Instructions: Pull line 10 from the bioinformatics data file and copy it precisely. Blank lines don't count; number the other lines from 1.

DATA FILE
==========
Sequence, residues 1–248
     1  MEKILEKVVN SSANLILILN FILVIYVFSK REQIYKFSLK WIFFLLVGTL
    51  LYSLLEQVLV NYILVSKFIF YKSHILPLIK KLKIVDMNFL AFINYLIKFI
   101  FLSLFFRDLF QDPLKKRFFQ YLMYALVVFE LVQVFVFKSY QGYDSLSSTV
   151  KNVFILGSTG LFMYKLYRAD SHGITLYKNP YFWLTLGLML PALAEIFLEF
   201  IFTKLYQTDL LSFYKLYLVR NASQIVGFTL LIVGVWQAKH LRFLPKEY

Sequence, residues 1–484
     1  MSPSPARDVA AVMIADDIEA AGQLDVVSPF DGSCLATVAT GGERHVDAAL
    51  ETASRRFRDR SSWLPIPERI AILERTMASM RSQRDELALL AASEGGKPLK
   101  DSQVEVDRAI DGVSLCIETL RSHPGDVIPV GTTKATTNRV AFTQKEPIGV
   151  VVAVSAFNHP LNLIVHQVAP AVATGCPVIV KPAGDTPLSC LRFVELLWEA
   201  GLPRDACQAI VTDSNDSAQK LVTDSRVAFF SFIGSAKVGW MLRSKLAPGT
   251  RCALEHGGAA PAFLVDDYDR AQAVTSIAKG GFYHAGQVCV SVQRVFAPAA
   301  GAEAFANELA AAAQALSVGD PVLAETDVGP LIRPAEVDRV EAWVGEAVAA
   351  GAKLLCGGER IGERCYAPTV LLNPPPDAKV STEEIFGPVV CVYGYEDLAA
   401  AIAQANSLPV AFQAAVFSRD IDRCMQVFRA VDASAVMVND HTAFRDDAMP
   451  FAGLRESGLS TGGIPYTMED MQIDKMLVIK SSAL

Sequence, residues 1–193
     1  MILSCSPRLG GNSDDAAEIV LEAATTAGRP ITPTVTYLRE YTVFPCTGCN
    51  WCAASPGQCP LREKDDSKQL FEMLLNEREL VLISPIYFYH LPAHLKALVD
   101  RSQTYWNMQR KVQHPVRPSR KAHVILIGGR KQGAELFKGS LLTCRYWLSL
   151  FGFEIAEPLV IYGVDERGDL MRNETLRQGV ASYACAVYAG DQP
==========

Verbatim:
   101  DSQVEVDRAI DGVSLCIETL RSHPGDVIPV GTTKATTNRV AFTQKEPIGV